Meeting a Legend
At one point Sadaf Khadem learned that Mahyar Monshipour, the Iranian-born French boxer and a legend on the international boxing scene, was coming to Tehran. When in Tehran, he got together with a group of male and female martial artists in the ski resort of Tochal near Tehran and offered them free training on the rules and techniques of both professional and amateur boxing. “To me, Mahyar was a legend and I loved meeting him,” Khadem said. “I and another couple of girls went there to practice boxing.”
A little later she received a message that Mahyar Monshipour had joined Telegram, so she messaged him a video of her practicing. He immediately got in touch with her.
Monshipour, born in the city of Bam in southeast Iran in 1975, was sent to Poitiers in France when he was 11. He became known to Iranians in 2003 when he came to Iran to help after a devastating earthquake killed over 26,000 people, injured about 30,000 and laid waste to the area he was from. He is known to the boxing world because he was super bantamweight champion of the world from 2003 to 2006. Of the 37 matches that he fought during his professional career, he won 31 — almost a world record.
Now the world champion wanted to make Sadaf Khadem an international figure in boxing too, entering into negotiations with the French boxing federation to invite her to a friendly tournament in France.
The Phantom Promise
But what about support for Khadem within Iran? On February 12, Hossein Suri, head of Iran’s Boxing Federation, reported that women could participate in boxing competitions if they wore the Islamic hijab while competing. He told Tasnim News Agency that after numerous efforts by Islamic countries, primarily from Iran, the International Boxing Association (IBA) had agreed to allow female boxers wearing Islamic hijab to take part in tournaments promoted by the organization.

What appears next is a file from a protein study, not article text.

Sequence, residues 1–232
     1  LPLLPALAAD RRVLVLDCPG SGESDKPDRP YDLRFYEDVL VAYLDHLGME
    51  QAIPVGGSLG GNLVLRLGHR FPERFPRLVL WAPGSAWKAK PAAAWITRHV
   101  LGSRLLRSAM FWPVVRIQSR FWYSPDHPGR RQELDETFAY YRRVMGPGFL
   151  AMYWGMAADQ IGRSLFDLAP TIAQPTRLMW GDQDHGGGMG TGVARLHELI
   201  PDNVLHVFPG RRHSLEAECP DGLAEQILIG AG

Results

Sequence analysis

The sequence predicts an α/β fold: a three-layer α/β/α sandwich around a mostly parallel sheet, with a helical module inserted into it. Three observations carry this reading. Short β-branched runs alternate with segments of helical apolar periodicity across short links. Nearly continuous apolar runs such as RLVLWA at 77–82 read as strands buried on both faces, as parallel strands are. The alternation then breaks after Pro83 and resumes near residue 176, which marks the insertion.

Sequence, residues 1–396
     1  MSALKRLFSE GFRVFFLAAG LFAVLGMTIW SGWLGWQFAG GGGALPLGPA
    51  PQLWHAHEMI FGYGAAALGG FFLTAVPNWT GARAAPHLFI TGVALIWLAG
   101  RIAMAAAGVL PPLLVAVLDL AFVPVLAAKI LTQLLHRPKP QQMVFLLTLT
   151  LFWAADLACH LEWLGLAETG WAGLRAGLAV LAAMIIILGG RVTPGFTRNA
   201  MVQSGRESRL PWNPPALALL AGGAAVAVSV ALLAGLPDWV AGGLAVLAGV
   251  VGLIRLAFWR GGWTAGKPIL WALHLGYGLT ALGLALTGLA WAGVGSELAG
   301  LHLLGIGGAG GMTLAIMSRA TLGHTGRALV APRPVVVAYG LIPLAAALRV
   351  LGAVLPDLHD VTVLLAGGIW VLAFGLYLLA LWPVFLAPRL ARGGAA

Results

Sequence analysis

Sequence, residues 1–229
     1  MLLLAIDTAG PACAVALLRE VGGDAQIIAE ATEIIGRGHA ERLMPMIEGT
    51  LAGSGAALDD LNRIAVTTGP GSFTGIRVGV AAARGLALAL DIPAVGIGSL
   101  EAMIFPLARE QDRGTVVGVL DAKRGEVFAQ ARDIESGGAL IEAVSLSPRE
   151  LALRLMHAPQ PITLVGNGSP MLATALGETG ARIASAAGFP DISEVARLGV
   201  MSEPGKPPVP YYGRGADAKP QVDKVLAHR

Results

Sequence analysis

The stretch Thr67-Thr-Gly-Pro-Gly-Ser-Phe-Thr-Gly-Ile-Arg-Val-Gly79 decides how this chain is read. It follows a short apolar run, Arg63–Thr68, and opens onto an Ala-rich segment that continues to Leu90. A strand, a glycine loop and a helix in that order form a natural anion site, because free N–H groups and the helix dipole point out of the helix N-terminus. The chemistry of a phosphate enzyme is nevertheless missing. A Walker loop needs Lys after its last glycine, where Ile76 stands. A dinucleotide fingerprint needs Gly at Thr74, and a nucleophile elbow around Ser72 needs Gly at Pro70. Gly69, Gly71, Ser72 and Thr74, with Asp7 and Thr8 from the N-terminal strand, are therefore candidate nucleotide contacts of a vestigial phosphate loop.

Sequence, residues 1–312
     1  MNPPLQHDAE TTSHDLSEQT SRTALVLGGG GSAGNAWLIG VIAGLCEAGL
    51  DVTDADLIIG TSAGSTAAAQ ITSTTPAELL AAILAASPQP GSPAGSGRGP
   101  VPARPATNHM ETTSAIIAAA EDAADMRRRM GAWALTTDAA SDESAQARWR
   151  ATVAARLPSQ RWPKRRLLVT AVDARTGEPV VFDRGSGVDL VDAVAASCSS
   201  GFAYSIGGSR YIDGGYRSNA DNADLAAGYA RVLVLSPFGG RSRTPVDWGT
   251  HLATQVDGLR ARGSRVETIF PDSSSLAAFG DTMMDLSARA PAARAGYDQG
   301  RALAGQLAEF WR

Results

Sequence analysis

But on November 20, 2018, the Iranian Students’ News Agency (ISNA) broke the news that Iranian female boxers would be able to register to box on Iran’s Boxing Federation website. In other words, before November 20 Iranian women were banned from competing in boxing matches in Iran. But, according to the head of the boxing federation, the agreement with IBA had been reached through negotiations in Moscow and Jakarta before November. It was hard to believe that the national federation would negotiate with the international federation about Iranian women competing when women were still banned from boxing in Iran.
In fact, even after it was possible for female boxers to register on the federation website, women were still not allowed to participate in actual matches inside Iran. This truth was clearly demonstrated by Hossein Suri himself when commenting about Sadaf Khadem’s participation in the tournament in France. “One day Ms. Khadem came to the federation,” he told the newspaper Shargh. “She had received an invitation to the tournament in France and requested that we arrange things for her. I told her, very respectfully, that the federation could not issue her a permit because female boxing was only at the level of talks and we had no permit to engage in this activity. I have no idea how Ms. Khadem went there and participated in the competitions.”